Don Davis has been the Forum Communications Minnesota Capitol Bureau chief since 2001, covering state government and politics for two dozen newspapers in the state. Don also blogs at Capital Chatter on Areavoices.
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ST. PAUL -- Al Franken's Senate campaign is getting a boost from another well-known Al. Former Vice President Al Gore will campaign for Franken and other Democratic candidates in October. Gore, who lost the 2000 presidential race, will speak at the Democratic-Farmer-Labor Party's Founders Day Dinner Oct. 4 on the University of Minnesota's Minneapolis campus, the party and Franken's campaign announced recently. "Al Gore is a champion for clean energy and a good friend to me and to progressives across the country," Franken said in a statement. "Believe it or not, he's also hilarious.
ST. PAUL -- County officials across Minnesota complain they are forced to collect up to $9 million more in property taxes because the state does not fully pay for prisoners it orders counties to hold. "We're losing money," Kandiyohi County Commissioner Richard Larson said. Chief Deputy Sheriff Scott McNurlin of Goodhue County said the Goodhue County Adult Detention Center in Red Wing houses two to four state prisoners on average, at a cost of $60 per inmate per day.
ST. PAUL -- John McCain promises to change Washington by getting along with the opposition, reforming government and, in general, putting the country first. "The constant partisan rancor that stops us from solving these problems isn't a cause, it's a symptom," the prisoner of war turned presidential candidate said Thursday night in accepting Republicans' presidential nomination.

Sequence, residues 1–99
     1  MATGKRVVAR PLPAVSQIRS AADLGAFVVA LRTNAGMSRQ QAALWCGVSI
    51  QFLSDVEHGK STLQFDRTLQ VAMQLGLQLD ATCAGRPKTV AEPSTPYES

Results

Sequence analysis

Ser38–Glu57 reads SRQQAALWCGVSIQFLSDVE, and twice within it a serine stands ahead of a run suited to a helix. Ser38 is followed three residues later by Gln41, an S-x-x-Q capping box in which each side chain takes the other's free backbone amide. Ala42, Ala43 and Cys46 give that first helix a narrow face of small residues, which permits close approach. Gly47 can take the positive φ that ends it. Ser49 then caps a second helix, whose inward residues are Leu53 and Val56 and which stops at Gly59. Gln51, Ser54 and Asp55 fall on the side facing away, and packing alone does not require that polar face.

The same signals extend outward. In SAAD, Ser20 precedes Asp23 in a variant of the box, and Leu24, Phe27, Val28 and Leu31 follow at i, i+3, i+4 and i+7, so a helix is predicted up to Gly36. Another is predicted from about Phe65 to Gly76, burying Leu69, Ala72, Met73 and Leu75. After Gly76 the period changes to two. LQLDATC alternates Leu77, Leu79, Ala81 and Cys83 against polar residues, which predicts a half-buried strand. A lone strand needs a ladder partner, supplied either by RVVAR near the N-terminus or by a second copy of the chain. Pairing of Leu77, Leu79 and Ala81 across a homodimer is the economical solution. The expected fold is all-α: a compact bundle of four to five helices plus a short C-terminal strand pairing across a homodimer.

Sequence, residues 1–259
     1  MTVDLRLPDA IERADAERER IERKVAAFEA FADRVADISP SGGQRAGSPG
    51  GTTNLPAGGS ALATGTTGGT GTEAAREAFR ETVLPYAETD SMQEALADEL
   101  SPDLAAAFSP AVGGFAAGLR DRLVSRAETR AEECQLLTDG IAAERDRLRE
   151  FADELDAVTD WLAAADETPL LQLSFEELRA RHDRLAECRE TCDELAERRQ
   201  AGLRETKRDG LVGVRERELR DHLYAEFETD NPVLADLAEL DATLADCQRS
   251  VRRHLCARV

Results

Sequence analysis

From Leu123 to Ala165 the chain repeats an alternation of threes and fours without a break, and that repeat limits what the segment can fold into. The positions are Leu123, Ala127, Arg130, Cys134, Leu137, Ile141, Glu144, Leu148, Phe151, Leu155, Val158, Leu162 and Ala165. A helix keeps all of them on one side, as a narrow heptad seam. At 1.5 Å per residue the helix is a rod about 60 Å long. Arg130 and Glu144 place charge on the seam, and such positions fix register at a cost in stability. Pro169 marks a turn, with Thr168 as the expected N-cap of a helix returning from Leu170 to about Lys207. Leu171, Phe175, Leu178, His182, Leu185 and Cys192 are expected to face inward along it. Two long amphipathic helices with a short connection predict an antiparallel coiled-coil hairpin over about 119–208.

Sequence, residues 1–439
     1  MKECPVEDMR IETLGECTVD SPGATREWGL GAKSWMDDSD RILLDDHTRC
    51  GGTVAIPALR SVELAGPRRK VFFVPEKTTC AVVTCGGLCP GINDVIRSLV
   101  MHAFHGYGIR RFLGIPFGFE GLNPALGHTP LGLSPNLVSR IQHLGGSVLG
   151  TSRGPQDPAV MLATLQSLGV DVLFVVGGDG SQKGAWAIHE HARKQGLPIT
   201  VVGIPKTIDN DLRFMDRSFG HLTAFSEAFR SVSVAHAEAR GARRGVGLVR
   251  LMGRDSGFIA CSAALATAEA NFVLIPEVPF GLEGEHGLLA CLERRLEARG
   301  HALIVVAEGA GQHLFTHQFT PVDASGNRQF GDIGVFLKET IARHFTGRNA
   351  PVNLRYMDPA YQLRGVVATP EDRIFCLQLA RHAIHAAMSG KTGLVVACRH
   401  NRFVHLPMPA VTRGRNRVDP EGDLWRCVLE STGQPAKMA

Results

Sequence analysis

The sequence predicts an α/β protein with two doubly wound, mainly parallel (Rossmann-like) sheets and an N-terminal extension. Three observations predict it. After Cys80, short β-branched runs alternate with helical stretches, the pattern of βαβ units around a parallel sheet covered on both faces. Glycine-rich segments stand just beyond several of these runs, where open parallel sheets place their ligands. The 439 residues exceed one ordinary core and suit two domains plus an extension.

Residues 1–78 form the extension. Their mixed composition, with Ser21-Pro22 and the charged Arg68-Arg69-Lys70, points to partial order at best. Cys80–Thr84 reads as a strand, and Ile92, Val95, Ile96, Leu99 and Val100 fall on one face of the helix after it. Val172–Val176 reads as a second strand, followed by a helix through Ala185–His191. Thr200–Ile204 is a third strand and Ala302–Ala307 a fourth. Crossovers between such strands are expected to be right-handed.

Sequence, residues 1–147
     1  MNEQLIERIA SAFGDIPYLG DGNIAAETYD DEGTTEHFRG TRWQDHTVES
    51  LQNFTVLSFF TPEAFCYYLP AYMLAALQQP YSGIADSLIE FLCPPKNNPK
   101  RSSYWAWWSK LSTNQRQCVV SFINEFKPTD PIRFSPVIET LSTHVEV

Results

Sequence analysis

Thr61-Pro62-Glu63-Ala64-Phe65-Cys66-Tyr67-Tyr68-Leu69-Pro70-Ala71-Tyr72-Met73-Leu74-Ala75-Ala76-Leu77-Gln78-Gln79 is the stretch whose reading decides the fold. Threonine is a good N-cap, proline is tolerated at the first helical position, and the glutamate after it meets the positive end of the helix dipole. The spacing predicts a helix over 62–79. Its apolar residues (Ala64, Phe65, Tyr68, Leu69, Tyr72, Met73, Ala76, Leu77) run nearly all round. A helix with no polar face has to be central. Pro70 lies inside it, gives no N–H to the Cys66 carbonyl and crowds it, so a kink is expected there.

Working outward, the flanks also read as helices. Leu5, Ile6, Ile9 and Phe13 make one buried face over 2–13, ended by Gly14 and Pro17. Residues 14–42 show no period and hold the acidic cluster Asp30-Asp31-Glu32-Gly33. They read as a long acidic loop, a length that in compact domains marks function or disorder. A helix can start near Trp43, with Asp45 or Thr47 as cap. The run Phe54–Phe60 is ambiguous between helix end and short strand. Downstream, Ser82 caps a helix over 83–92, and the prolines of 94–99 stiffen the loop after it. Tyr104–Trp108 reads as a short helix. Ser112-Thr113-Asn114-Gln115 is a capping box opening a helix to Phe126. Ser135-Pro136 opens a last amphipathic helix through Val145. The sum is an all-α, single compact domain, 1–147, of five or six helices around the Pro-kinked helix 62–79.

ST. PAUL -- Sarah Palin says she is a small-town hockey mom, but Wednesday night introduced herself to the country as the Republican Party's first woman vice presidential candidate. The 44-year-old Alaska governor showed her fiery side in a St.
ST. PAUL -- Now, that's how a political convention is supposed to look: funny hats, loud cheering and long political speeches. Tuesday marked the real start of the Republican National Convention after the official Monday beginning was subdued and short due to Hurricane Gustav. President Bush gave his support to GOP presidential hopeful John McCain in a speech carried by satellite from the White House, and Democrat-turned-independent Sen.
ST. PAUL - Republicans dealt with distractions as they began their national convention Monday, but said the event still will be a success. First came Hurricane Gustav, whose surge and winds were less than predicted, but forced convention officials to trim their plans. Then, Sen. John McCain's running mate, Gov.
ST. PAUL -- John McCain does not want supporters partying while other Americans face the fury of Hurricane Gustav, so Republicans took the unprecedented action of canceling most events at today's opening of their national convention. "We are facing a great natural challenge," McCain said in a satellite video hook-up from St. Louis to St. Paul, where the curtailed convention begins today. He asked convention officials to limit convention activities today.
ST. PAUL -- The Xcel Energy Center is ready for the Republican National Convention, but no more so than Minnesota's Republican delegates are ready. No major, and few minor, disputes are expected in what Republicans hope to be a well-organized and smooth-running gathering naming John McCain as their presidential nominee. "There has been a little bit of dissension here and there," delegate Jennifer Wilson of Hermantown said.
ST. PAUL - Former Democratic U.S. Rep. Tim Penny leads a pro-John McCain organization of Minnesotans who do not usually back Republicans. Another big name on the Minnesota Citizens for McCain coalition is Sandy Keith, a former Minnesota chief justice. A third well-known name backing McCain is Ron Schara, an outdoorsman who hosts "Minnesota Bound" on television. Former state Rep. Steve Wenzel, a Little Falls Democrat, also is in the coalition. Penny, who represented southeastern Minnesota in the U.S.